"I'LL never forget those images, the date, the time of day it happened."
Ernie Vaughan knew his life would change forever after he found his best mate who died by suicide.
It's what inspired him to organise one of the region's largest suicide prevention events, the Tannum Crab Classic.
But the father of two was taken back to his darkest days after losing the second person involved in the event to suicide, in 18 months.
"I was touched by suicide, I was there and it has affected my life forever," he said. "That will never change ... every story about another suicide touches you, it takes you back."
The Pacific Ranch man uses those dark moments to drive him in his ongoing mission to change the suicide rate.
"If we had a national road toll the equivalent to the number of suicide deaths, there would be an outcry, we wouldn't have a car on the road," he said.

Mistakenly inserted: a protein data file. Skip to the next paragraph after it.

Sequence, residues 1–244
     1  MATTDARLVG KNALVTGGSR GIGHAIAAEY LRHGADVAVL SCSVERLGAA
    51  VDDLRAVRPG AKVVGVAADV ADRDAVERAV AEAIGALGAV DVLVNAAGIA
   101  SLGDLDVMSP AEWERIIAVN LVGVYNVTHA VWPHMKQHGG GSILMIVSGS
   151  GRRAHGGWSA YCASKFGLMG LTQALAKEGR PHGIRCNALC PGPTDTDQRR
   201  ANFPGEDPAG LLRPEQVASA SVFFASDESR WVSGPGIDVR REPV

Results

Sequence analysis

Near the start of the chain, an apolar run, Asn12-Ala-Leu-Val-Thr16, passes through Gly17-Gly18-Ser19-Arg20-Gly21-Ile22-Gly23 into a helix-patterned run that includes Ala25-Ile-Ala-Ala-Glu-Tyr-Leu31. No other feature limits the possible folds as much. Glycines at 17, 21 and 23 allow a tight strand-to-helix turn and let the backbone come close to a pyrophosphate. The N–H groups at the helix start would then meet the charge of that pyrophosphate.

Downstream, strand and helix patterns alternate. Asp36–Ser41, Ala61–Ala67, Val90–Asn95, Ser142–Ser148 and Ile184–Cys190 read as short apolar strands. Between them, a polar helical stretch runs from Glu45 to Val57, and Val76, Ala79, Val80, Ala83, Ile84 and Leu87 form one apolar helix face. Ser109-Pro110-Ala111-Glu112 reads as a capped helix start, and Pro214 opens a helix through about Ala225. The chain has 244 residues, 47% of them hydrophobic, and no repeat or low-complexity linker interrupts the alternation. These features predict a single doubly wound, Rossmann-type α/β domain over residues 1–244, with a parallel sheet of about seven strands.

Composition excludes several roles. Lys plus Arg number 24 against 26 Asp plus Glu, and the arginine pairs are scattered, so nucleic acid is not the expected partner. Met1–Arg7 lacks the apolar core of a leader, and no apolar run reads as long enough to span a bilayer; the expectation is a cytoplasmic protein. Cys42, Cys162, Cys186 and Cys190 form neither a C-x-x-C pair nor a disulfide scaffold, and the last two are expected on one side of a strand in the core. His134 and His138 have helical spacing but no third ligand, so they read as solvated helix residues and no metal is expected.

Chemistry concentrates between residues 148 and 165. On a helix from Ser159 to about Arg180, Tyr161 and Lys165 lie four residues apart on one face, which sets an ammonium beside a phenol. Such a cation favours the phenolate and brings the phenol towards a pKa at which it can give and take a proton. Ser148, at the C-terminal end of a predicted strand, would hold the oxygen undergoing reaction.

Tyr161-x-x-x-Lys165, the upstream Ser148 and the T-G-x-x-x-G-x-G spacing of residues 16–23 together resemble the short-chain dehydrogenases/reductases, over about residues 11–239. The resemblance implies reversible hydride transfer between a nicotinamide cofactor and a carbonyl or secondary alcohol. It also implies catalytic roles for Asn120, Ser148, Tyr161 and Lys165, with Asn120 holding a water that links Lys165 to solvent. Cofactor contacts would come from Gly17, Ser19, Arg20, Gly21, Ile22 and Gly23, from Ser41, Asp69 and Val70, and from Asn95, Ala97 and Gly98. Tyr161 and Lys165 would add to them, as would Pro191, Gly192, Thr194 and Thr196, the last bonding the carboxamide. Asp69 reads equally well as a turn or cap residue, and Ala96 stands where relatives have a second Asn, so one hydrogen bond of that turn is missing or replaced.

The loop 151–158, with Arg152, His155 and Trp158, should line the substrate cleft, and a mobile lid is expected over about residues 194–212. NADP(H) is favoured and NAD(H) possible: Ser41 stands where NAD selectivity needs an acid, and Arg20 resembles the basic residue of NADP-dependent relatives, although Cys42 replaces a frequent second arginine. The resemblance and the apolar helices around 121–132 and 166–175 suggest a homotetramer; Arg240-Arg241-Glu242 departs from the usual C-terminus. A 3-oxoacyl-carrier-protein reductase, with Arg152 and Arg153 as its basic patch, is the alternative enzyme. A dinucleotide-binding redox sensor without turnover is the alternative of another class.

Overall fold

But every group, support service and person he turns to has no idea how to tackle the black dog.
His approach is to educate the youth about depression and to create a "buddy system" for people to talk to others who have survived or experienced suicide.
"There's a massive gap between the time someone feels depressed to when they call for help ... By the time they call it's too late," he said. "We need to teach our children there's going to be times in life where you're going to feel gutted ... but there is light at the end of the tunnel.
"I've done that with my children, and I'll do the same with my grandchildren."
Ernie said he wanted people to talk freely about suicide and depression, as they would breast or testicular cancer.
"Why don't we talk about suicide the same (as we do breast and testicular cancer and domestic violence), it's not a bad word, it's a mental illness, a disease, no diffe- rent to any other disease," he said.
If you need help phone Life line on 13 11 14.
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